When a senior lawmaker rises to the status of respected authority in Albany, there's always the risk that local issues can get short shrift.
That's not the case with Republican Kemp Hannon, 68, of Garden City, who has earned top credentials as a health care policy expert, but still keeps a keen eye on the concerns of his central Nassau district. Topping his list are improved safety and repairs for Hempstead Turnpike and accelerating the state's cleanup of toxic plumes from old industrial plants, including the Grumman site in Bethpage.
Now more than ever, Hannon's expertise is needed as New York's hospitals merge into large regional systems and more care is provided in smaller, community-based clinics. Knots of federal and state regulations and reimbursement plans must be navigated to make sure medical care is top quality and readily available.
The mishandling by a Dallas hospital of the first Ebola case diagnosed in the United States highlights the need to ensure that states' health care systems are prepared to respond to all infectious-disease emergencies, and Hannon is the best person to monitor it the legislature.
In 2012, Hannon oversaw the passage of the I-STOP tracking system to reduce the overprescribing of prescription painkillers. Although Hannon says he supports the use of marijuana for medical treatment, he voted against it because he had not seen enough evidence on what doses and in which forms marijuana would provide the best pain relief, and for which illnesses.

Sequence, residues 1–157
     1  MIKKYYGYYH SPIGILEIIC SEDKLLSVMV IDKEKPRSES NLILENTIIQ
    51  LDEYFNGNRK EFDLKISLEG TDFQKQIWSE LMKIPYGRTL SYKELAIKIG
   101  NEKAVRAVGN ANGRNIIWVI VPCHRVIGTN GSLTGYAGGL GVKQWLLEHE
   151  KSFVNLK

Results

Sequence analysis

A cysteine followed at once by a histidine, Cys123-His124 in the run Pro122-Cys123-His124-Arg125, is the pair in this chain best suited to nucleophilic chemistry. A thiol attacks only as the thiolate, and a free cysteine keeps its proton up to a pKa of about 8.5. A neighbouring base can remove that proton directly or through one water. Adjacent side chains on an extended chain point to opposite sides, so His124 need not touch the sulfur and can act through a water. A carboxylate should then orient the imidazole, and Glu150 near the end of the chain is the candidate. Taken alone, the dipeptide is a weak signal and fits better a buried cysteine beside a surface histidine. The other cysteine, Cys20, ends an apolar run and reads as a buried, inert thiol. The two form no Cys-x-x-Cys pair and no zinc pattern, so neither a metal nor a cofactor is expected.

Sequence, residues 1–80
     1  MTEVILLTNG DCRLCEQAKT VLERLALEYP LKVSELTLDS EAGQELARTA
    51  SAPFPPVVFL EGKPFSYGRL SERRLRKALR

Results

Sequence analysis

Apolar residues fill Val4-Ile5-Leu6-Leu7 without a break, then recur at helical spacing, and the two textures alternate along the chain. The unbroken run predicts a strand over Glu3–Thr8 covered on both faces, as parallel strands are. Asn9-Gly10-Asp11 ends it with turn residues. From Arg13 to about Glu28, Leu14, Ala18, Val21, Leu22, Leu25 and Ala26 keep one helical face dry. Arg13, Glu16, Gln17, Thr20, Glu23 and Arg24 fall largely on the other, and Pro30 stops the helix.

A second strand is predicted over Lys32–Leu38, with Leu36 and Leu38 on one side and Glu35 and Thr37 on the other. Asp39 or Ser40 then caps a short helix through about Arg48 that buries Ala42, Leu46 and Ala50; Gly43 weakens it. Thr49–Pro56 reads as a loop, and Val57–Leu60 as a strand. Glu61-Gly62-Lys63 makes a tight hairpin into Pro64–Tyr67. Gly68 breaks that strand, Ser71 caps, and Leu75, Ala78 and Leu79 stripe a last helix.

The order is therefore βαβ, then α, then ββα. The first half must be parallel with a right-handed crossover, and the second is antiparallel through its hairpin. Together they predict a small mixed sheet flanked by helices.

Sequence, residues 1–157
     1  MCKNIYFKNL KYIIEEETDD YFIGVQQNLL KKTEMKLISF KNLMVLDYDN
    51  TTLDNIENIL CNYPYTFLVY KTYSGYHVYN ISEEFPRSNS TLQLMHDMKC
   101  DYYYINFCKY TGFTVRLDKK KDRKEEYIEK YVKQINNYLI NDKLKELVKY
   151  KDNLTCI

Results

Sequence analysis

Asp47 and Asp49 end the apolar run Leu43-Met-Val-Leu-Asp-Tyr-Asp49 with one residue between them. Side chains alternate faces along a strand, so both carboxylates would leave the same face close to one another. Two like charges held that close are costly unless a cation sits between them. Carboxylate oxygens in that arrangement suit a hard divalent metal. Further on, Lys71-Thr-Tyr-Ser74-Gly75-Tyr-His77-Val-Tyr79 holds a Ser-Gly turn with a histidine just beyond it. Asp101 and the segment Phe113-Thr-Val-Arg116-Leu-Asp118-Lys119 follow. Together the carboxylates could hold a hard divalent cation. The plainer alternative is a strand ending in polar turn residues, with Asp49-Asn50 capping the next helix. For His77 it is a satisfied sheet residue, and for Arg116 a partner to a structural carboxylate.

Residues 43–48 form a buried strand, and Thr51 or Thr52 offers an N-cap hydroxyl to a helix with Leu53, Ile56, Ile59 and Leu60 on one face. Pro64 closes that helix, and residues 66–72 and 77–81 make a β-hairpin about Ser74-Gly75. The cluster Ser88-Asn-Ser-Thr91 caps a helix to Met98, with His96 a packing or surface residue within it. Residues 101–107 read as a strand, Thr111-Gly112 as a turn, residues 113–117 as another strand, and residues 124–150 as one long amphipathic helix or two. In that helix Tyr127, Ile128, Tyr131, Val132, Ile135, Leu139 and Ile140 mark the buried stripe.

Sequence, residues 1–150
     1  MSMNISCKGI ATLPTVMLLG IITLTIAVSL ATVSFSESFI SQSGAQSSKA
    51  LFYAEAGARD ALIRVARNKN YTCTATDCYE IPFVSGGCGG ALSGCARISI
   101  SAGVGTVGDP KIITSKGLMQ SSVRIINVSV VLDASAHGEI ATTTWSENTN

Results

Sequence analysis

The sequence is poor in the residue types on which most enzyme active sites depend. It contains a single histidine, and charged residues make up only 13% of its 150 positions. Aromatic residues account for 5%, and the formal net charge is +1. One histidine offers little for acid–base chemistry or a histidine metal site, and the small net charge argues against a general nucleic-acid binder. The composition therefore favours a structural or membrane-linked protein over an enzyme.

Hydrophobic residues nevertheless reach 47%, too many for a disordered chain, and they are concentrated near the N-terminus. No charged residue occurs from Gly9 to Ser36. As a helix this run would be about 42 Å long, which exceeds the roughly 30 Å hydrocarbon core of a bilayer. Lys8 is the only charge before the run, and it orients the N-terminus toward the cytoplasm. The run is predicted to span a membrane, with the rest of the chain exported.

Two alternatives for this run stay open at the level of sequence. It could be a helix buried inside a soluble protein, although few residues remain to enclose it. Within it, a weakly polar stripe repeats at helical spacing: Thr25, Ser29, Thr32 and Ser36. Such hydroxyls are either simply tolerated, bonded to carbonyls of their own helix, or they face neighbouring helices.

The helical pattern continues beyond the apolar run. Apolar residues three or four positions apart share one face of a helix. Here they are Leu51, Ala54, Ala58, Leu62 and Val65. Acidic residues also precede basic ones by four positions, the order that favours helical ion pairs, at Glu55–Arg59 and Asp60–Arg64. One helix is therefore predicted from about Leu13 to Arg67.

His challenger is Democrat Ethan D. Irwin, 40, of Levittown, a lawyer. This is a second run for Irwin, who wants a career in politics. In 2011, he lost a bid for the Nassau County Legislature.
Irwin, a Marine veteran who advocates free tuition for veterans at state colleges, has a sharp mind and manner. He's trying to overcome Hannon's seniority by arguing that he's been there too long; he would cap terms at 10-12 years. Irwin says he would be more aggressive in pushing the Navy to clean up the Grumman plume.
Irwin supports the Dream Act, a higher minimum wage and public campaign financing, all of which Hannon opposes.
If Hannon wins, he would be wise to take a more hands-on approach to addressing the myriad problems in the Hempstead school district.
Newsday endorses Hannon.